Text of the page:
Content consumption is at its best this year, with more and more vendors outing devices that are meant to be used primarily for watching movies, reading books, browsing the web and any other form of entertainment. Although there is lots of content for us to choose from, people felt the need of a centered collection from which to search, access and eventually purchase media. Today, we are going to compare two giants of media consumption, Apple’s iTunes and Amazon, to find out the advantages and disadvantages of each service, while settling long awaited versus battle.

Which service is the most accessible?

In terms of accessibility each service suits a different category of consumers. For those willing to pay upfront, Amazon has a nice Prime service, which offers a diverse library of pay-per-view TV shows, movies and even a set of free content.


The service also includes instant access to thousands of Kindle Books and free two-day shipping guaranteed for every product purchased from Amazon. On the other side, iTunes offers pay-as-you-go services by default, allowing the user to have control of each purchase but setting him back a little more on the long term.

Both Apple and Amazon have made sure that the service can be provided on several devices, including those of the competition, Amazon being the last to enter this game by releasing the Amazon Instant Video app for the iPad. Amazon can also be found on Xbox 360, PlayStation 3, Roku and other home products.

Videos

Seeking for all sorts of movies is certainly done with success in 99% of cases, but once you’ve spent a while browsing, you’ll observe that some titles present in iTunes are missing from Amazon and the other way around. When referring at TV content, most parts are considered normalized and the general user experience can not be described as affected, nonetheless limited. Everything works as it should, and both services manage to pull a great job. Here’s a short presentation of the most important things to know:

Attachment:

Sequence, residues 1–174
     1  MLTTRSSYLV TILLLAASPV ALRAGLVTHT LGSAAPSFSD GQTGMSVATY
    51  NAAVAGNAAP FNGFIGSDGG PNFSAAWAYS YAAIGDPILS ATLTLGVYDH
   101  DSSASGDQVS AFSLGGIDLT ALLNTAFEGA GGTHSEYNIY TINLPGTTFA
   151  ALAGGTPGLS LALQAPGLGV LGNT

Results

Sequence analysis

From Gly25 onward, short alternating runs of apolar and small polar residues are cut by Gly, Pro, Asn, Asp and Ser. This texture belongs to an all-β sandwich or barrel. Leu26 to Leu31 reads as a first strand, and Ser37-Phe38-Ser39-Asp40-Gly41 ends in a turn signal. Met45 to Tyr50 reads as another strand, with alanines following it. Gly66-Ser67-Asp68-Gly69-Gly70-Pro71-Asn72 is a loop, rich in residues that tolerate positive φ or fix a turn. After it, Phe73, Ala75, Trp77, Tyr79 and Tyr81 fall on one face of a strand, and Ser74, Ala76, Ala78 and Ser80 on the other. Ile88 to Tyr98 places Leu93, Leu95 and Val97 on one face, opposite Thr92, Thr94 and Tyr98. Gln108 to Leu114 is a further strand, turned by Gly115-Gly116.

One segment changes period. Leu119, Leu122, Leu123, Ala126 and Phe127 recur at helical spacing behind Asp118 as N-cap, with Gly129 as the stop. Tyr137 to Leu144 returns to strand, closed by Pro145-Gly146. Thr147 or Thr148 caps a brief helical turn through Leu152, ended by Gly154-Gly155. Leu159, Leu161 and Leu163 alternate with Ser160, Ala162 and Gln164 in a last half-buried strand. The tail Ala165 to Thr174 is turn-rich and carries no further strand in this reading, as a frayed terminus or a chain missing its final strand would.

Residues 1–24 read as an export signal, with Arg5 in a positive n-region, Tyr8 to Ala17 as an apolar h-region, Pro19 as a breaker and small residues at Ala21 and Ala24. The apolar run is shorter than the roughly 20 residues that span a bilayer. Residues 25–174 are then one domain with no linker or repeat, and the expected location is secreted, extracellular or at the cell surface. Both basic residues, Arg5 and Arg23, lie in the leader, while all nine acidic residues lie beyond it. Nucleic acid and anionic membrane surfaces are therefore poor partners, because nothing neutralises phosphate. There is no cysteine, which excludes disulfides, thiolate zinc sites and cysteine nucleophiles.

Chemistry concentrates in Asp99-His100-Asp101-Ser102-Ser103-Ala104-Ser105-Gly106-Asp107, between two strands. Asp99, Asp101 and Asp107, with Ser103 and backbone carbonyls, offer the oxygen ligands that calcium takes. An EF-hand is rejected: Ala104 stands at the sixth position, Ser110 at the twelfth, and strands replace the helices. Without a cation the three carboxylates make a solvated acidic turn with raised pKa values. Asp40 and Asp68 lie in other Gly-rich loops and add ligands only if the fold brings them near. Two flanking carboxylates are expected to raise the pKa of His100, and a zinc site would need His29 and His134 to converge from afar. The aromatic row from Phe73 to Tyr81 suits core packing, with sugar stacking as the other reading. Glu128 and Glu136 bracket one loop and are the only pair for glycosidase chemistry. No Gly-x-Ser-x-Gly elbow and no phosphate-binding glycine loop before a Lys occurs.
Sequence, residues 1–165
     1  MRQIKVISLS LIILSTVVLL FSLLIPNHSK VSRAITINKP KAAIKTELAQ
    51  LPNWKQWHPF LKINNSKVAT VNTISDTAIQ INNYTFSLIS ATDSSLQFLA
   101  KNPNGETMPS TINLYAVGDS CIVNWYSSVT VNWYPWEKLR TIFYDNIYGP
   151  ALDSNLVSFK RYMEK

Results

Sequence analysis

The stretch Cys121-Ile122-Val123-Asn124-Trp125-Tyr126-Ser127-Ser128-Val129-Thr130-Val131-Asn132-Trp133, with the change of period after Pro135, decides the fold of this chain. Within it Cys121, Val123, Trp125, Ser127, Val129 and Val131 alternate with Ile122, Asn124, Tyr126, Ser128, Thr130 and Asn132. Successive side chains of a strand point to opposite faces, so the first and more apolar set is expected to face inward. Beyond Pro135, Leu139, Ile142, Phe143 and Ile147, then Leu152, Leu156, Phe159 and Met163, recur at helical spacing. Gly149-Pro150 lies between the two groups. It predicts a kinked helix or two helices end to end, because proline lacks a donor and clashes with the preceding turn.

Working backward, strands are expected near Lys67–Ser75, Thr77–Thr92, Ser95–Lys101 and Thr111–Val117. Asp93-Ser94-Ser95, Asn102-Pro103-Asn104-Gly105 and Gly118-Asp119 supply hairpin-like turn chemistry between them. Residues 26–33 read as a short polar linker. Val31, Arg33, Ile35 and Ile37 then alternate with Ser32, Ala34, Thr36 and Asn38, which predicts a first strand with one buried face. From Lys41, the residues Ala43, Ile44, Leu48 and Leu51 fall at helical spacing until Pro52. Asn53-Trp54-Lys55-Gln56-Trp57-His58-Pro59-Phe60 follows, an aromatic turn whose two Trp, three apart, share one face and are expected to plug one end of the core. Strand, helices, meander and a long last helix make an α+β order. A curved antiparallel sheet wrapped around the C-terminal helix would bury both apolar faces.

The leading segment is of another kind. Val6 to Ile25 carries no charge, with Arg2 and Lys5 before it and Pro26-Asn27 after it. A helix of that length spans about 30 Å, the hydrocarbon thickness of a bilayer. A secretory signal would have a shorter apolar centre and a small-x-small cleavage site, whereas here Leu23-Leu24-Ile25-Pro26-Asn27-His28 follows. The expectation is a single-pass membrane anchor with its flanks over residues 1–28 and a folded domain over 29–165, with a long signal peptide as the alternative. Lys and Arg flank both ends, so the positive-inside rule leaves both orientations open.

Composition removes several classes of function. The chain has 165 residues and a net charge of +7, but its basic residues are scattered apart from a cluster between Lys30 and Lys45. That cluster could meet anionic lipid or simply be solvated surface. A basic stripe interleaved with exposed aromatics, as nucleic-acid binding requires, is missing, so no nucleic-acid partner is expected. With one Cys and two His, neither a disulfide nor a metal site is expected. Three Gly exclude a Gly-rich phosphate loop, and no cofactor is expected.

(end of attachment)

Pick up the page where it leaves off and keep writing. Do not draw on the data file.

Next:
Property Amazon  iTunes
Downloads Up to 2 devices Up to 10 devices, 5 PCs
Movies Renting: $0.99-$3.99 Renting:$2.99-$4.99
Purchasing up to $14.99 Purchasing up to $19.99
Rental Playback Must end 48 hours after start Must end 24 hours after start
TV Shows Renting and Purchasing Just Purchasing
Offers Prime:$79 per year Just pay-as-you-go

Music

When it comes to tunes, Amazon has launched a couple of days ago a large update to its Cloud Player application that equals and may even outclass the benefits found in iTunes Match. The iTunes vs. Amazon battle is taken here by these two services, which come both with a personal library hosted on the cloud and scans to match the entire collection of music. Each tune is automatically upgraded to MP3 format with at least 256kbps offering the listener a good overall experience.

But some differences do exist, and in our case, the Amazon Cloud Player is available on more devices and supports platforms such as Android, iOS, Roku Stream player, Sonos wireless home music system, various browsers and of course, the native Kindle Fire. Exporting songs from external sources, such as the iTunes library is done with easy and each title is matched and backed-up in the new playlist. As you may hint, iTunes falls short on this category, refusing to cooperate with some of its competition.

Unfortunately, Amazon does not have a desktop application for the MP3 service, nor compatibility for AAC files. Both services allow sharing of songs, but only iTunes has a preview mode for 30 seconds.  As  for the rest of the details…

Property Amazon MP3 iTunes
Price for each song: $0.45-$1.19 $0.69, $0.99 or $1.29
Database: Above 17 million Above 20 million
Albums: $5 for each Up to $8
Special offers: Free music from risers Free music of the week
Song Matching 250,000 for $25 25,000 for $25
Exported songs Yes, 250 for free No
Syncing Max 8 devices Max 10 devices
Online Storage 5GB Free for imported songs Unlimited for native songs

 
Author

Alex holds an engineering degree in Telecommunications and has been covering technology as a writer since 2009. Customization is his middle name and he doesn’t like to own stock model gadgets. When he’s away from the keyboard, simpler things like hiking, mountain climbing and having a cold drink make his day.